Coronavirus Pandemic Forecast to Create Surge in Demand for Warehouse/Distribution Space in Phoenix
The Greater Phoenix Industrial market could be poised for a surge in demand for warehouse/distribution space, according to a report released today by Colliers International in Arizona. The “stay at home” orders resulting from the Coronavirus Pandemic have forced more people to shop online and those lasting habits will increase online retailer demand for distribution space in the city.
Year-end 2019 forecasts were very rosy for all sectors of the commercial real estate industry in Maricopa County. The county added more than 89,000 new jobs during 2019, making it the #1 county in the nation for jobs added. Unemployment was just 3.9%, 30 bps below the end of 2018. February brought the first of two major events that changed the economy. Crude oil conflicts significantly drove down the price of oil. Normally a benefit to consumers, this event was followed by the Coronavirus event that put the brakes on oil usage by airlines and workers now bound to their homes. During the week ending March 28, a noteworthy 88,940 unemployment claims were filed in Arizona, marking a 203% increase from the previous week. That figure is increasing as the national shutdown progresses, creating uncertainty for companies as nearly all industries are forced to keep their doors closed.
During first quarter 2020, the Industrial investment sales market kicked off extremely strong with sales volume for the first two months surpassing all of first quarter 2019 by $339.6 million. The quarter brought sales volume of $833 million, the third highest quarter since 2010. The median price was $106 per square foot and cap rages compressed to end the first quarter at 7.04 percent. The sizable sales volume was largely due to two bulk portfolio sales in February. Prologis acquired 603 buildings from Liberty Property Trust, 14 of which are located in Greater Phoenix. BKM Capital Partners acquired 11 business parks in the Western US, which included 105 properties from Blackstone Group. Thirty-nine of these are in Phoenix and account for $157.5 million of the sales volume. 91.46 percent of the sales volume was completed in January and February, highlighting the slowdown during March.
Net absorption rose to more than one million square feet in first quarter, marking the fourth consecutive quarter of posting those levels. Distribution buildings were the most popular, especially those in the Northwest and Southwest submarkets. Late in the quarter, ABB Electrification signed the largest lease executed thus far in 2020. The company committed to the entire 379,828-square-foot West 80 Industrial project in Tolleson. Earlier in the quarter, ThyssenKrupp secured 370,000 square feet at 101 Distribution Center near Loop 101 and Northern Avenue in Glendale. Finally, after being vacant for more than a year, Papago Distribution Center #3 attracted a single tenant, Hydro, to occupy its 221,116 square feet.
Vacancy rates remained low during first quarter, averaging 7.6 percent. The trend of sub-10 percent vacancies began in third quarter of 2015 and has remained steady since that time. Vacancy has hovered in the low- to mid-seven percent range since 2017, which is a notable decline from double-digit vacancies posted as recently as 2015. During first quarter, the vacancy rate rose 50 bps, which completed a 12-month increase of just 10 bps. Manufacturing boasts the lowest vacancy by product type at just 3.3 percent.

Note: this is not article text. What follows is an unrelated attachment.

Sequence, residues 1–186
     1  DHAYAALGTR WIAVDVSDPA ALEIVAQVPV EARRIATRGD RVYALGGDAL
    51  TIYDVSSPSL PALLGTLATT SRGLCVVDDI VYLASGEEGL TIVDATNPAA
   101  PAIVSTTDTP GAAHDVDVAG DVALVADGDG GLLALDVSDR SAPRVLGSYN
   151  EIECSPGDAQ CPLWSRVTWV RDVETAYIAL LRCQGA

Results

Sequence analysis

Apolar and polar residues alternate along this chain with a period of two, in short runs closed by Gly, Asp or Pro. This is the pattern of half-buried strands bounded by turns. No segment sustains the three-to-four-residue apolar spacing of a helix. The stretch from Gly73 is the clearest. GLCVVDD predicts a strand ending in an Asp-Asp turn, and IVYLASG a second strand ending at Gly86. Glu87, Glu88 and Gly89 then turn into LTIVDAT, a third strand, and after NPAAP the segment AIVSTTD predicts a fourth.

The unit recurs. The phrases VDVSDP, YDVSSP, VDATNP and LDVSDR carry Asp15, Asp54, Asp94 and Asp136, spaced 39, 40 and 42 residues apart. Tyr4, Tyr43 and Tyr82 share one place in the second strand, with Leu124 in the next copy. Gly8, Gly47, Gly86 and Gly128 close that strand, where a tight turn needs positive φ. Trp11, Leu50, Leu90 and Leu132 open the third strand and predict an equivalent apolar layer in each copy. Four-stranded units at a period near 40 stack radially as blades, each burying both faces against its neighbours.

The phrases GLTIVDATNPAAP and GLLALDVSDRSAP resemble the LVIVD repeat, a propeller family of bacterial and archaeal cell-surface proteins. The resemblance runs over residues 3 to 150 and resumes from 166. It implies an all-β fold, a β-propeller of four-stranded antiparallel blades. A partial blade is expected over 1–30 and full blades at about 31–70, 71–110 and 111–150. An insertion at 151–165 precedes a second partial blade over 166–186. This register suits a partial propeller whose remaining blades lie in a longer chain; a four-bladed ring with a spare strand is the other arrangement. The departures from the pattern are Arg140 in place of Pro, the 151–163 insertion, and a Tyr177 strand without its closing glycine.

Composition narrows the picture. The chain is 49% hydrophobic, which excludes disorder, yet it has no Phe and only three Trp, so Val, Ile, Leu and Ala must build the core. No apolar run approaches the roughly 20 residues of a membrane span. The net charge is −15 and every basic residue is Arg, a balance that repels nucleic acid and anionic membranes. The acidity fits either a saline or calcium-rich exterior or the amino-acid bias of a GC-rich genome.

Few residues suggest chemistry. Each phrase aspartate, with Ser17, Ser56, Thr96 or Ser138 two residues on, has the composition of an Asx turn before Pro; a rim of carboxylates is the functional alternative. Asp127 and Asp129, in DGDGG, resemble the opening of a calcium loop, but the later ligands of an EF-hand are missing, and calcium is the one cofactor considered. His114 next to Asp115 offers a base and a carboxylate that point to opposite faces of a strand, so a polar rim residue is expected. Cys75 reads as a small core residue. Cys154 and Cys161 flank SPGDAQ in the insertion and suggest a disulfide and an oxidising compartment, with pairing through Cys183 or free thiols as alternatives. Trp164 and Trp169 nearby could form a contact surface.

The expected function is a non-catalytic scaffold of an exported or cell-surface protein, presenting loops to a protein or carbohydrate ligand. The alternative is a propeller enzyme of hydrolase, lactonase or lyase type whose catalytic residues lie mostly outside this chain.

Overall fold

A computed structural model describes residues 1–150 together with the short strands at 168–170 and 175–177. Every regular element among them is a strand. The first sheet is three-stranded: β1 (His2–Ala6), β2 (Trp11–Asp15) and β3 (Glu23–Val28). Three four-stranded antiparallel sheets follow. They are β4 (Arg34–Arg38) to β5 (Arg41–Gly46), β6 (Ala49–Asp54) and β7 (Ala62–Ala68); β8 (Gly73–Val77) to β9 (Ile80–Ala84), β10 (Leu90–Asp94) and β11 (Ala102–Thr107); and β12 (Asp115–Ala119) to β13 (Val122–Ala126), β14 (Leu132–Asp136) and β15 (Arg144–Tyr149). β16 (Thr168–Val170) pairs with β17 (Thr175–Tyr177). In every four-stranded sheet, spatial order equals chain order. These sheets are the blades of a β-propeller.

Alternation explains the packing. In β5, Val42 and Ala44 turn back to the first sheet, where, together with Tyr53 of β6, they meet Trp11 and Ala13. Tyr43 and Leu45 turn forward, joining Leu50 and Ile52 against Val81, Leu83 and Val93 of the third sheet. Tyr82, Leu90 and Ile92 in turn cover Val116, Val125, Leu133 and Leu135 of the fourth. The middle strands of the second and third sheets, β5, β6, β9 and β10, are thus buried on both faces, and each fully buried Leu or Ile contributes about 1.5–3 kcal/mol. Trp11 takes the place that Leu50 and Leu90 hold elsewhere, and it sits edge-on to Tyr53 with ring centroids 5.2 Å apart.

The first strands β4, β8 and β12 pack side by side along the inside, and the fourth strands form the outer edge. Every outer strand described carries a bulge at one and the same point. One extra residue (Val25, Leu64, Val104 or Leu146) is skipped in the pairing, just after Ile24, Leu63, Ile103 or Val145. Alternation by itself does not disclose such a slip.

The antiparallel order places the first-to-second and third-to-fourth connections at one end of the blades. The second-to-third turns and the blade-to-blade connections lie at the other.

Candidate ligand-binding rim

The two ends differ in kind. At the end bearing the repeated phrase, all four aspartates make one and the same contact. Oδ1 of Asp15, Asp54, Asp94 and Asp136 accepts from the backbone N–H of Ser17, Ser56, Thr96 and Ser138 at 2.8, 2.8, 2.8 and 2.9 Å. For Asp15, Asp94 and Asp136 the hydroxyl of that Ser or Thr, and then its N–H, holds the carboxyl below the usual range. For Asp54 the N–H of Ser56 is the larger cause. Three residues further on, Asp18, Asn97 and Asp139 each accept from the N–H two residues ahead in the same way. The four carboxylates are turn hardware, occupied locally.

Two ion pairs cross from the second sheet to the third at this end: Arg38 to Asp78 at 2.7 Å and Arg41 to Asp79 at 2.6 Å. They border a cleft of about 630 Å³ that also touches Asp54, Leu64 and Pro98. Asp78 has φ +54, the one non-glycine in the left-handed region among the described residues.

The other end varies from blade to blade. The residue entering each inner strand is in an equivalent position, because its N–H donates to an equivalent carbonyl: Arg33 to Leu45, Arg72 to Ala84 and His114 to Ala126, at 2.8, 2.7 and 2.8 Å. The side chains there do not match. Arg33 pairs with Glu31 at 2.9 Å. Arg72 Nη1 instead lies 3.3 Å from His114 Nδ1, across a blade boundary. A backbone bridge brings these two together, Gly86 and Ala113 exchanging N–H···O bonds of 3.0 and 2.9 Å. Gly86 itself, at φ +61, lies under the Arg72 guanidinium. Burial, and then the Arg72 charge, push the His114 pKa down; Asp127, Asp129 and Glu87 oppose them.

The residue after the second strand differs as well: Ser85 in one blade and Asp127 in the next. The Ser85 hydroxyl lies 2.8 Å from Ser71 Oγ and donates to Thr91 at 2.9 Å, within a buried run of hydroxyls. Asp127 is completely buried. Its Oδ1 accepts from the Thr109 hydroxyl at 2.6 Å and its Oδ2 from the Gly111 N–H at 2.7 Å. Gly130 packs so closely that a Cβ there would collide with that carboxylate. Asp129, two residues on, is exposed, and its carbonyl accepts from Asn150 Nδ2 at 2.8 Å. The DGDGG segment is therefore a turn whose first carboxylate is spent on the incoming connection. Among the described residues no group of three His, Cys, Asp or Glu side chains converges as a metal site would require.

Construction activity in the industrial sector reached a highpoint during first quarter of 14.3 million square feet. This is the largest amount of new industrial space under construction ever in the Valley, following third quarter 2007 when 13.2 million square feet were underway. Continued growth in the West Valley accounts for more than 80 percent of current construction. The Valley witnessed completion of 2.3 million square feet of new industrial space during the first three months of this year and 32 percent of that square footage is leased. The remaining space is expected to be rented quickly in response to pent up demand. The Southwest submarket cluster delivered more than 1.04 million square feet during first quarter and impressively only increased vacancy by 40 bps. This is largely due to Ferrero Group, makers of Nutella and other chocolates, occupying all 643,798 square feet of distribution space in a recently completed building in Goodyear. Inventory remains low in some key areas. The combined Airport, Southeast and Northeast areas offer only 10 existing industrial buildings that can accommodate a tenant larger than 150,000 square feet.
Asking rental rates rose nearly 4.1 percent over the past 12 months and up 1.16 percent during first quarter. Average asking rents settled at $0.58 per square foot at the end of March. The Airport area posted the largest increases, which rose 3.8 percent over the quarter and 8.68 percent over the past 12 months.
The impact of the virus pandemic on the industrial real estate market remains largely unknown. The potential closure of businesses combined with a handful of large projects slated to be completed in the next two quarters will increase vacancy later in 2020. Small and mid-sized tenants will be affected more immediately by this crisis. The good news is that 64 percent of all inventory under construction is within projects exceeding 200,000 square feet, making these buildings appealing for ecommerce. Prior to the pandemic impacting Arizona, rental rates would have been predicted to increase. This event will level rates, though likely not decrease them as landlords become more aggressive to get deals signed quickly. Construction hit its apex during first quarter and will surely slow down in upcoming quarters.